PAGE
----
Note to Pope Francis: sex is more than just sex

Pope Francis is boldly liberalizing Catholic teaching on sexual matters. Or so it is commonly believed. In earlier ages of the Christian Church, both East and West, its canons and its teachings
Pope Francis is boldly liberalizing Catholic teaching on sexual matters. Or so it is commonly believed. In earlier ages of the Christian Church, both East and West, its canons and its teachings [More]

In bed with Tchaikovsky

“Who made the genius gay?” How did Tchaikovsky’s sexuality become a cause célèbre and the key to understanding his art? It isn’t…
“Who made the genius gay?” How did Tchaikovsky’s sexuality become a cause célèbre and the key to understanding his art? It isn’t… [More]

Sexual Paranoia Strikes Academe

Sex is leaky and anxiety-ridden, says Laura Kipnis, and no college policy or prohibition is going to change that. What rules will do is make students more vulnerable…
Sex is leaky and anxiety-ridden, says Laura Kipnis, and no college policy or prohibition is going to change that. What rules will do is make students more vulnerable… [More]

On Post-Christian Sexual Ethics

Sexuality, if it’s to have meaning culturally, has to be rooted in what the human person is if we’re to avoid barbarism. I'm not sure, though, whether a meaningful anthropology—one that adequately provides a basis for sexual expression without devolving into barbarism—is impossible on naturalism.
Sexuality, if it’s to have meaning culturally, has to be rooted in what the human person is if we’re to avoid barbarism. I'm not sure, though, whether a meaningful anthropology—one that adequately provides a basis for sexual expression without devolving into barbarism—is impossible on naturalism. [More]

Stone age sex

The mystery of human desire. Our Paleolithic libidos leave us in thrall to every unruly urge. How did we become such a downright kinky species?…
The mystery of human desire. Our Paleolithic libidos leave us in thrall to every unruly urge. How did we become such a downright kinky species?… [More]

How sex rules our dreams

What are dreams made of? Male-female conflict, sexual desire, aggression. Put it this way: Dreams are a linchpin of reproductive fitness…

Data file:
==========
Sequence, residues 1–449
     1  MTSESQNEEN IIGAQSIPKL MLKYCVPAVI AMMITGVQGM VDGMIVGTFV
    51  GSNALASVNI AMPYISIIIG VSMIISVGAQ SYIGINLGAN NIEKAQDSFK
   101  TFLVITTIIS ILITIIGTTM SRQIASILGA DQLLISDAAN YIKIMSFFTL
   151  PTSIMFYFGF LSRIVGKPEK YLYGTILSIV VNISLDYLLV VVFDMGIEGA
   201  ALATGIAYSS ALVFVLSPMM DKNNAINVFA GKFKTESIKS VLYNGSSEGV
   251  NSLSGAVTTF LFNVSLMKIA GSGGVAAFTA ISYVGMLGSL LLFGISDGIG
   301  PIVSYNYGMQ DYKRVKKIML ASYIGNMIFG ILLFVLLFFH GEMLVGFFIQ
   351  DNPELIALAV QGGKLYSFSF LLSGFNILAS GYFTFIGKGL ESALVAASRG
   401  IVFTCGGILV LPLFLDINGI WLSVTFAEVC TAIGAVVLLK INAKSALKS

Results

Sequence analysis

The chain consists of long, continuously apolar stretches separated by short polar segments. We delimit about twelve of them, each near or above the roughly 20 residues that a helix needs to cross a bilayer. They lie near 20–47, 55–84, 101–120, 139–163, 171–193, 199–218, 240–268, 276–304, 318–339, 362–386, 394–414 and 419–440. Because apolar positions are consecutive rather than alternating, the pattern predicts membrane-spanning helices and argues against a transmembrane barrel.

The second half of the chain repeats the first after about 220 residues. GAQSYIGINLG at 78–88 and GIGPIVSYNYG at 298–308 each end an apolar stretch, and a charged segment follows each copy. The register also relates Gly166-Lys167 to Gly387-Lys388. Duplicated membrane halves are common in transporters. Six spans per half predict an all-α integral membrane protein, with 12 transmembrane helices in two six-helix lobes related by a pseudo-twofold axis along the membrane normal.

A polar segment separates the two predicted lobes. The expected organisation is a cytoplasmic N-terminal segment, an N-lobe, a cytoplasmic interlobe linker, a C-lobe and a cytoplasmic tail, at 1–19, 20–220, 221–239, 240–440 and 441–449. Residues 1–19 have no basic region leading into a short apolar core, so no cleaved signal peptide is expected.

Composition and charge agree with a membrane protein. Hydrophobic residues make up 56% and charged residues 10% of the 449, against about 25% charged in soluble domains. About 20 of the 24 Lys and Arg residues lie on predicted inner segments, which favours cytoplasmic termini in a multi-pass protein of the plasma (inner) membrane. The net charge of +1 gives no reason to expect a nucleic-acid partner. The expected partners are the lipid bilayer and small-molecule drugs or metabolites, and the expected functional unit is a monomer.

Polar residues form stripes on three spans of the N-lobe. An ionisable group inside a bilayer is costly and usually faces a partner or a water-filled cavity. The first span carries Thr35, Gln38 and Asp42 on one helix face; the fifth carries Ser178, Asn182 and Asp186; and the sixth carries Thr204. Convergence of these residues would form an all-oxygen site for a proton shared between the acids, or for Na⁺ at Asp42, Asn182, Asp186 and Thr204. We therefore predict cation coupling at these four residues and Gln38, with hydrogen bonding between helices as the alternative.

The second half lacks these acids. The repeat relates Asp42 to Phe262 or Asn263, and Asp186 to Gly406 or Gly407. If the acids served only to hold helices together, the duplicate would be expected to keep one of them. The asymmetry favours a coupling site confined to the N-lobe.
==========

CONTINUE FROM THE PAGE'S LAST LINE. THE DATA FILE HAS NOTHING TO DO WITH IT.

What are dreams made of? Male-female conflict, sexual desire, aggression. Put it this way: Dreams are a linchpin of reproductive fitness… [More]

Novels and gay sex

How much gay sex should a novel have? If the writer happens to be gay and is at all ambitious, he will have a complicated answer. Caleb Crain explains…
How much gay sex should a novel have? If the writer happens to be gay and is at all ambitious, he will have a complicated answer. Caleb Crain explains… [More]

What Can Be Learned from Bertrand Russell’s Life as a Philanderer? Part IV

Bertrand Russell may have learned at the end of his life something that may have given him more peace and identity had he learned it earlier. His seeming inability to maintain a solid, loving relationship with a single woman was a symptom of a much more significant issue. By looking at his life, we possibly can save our own.
Bertrand Russell may have learned at the end of his life something that may have given him more peace and identity had he learned it earlier. His seeming inability to maintain a solid, loving relationship with a single woman was a symptom of a much more significant issue. By looking at his life, we possibly can save our own. [More]

What Can Be Learned from Bertrand Russell’s Life as a Philanderer? Part III

As Bertrand Russell moved from relationship to relationship, Russell eased into old age with Edith, his fourth wife and something with whom he experienced 'great happiness.' During this time, something appears to have changed in his temperment as well--a mellowness and comfort with life. Did his relationship with Edith help him finally discover something he sought all his life? [More]

What Can Be Learned from Bertrand Russell’s Life as a Philanderer? Part I

Russell springs to mind hunched over a cluttered bureau, suckling the temples of his spectacles in deep coitus with a battered tome, caring not for what might lie beyond its pages. This image is not, however, entirely accurate; he was not so musty and desolate in the way of his pigeonhole. He is remembered grandly as a philosopher, a mathematician, a revolutionary—but by no means least as a philanderer. [More]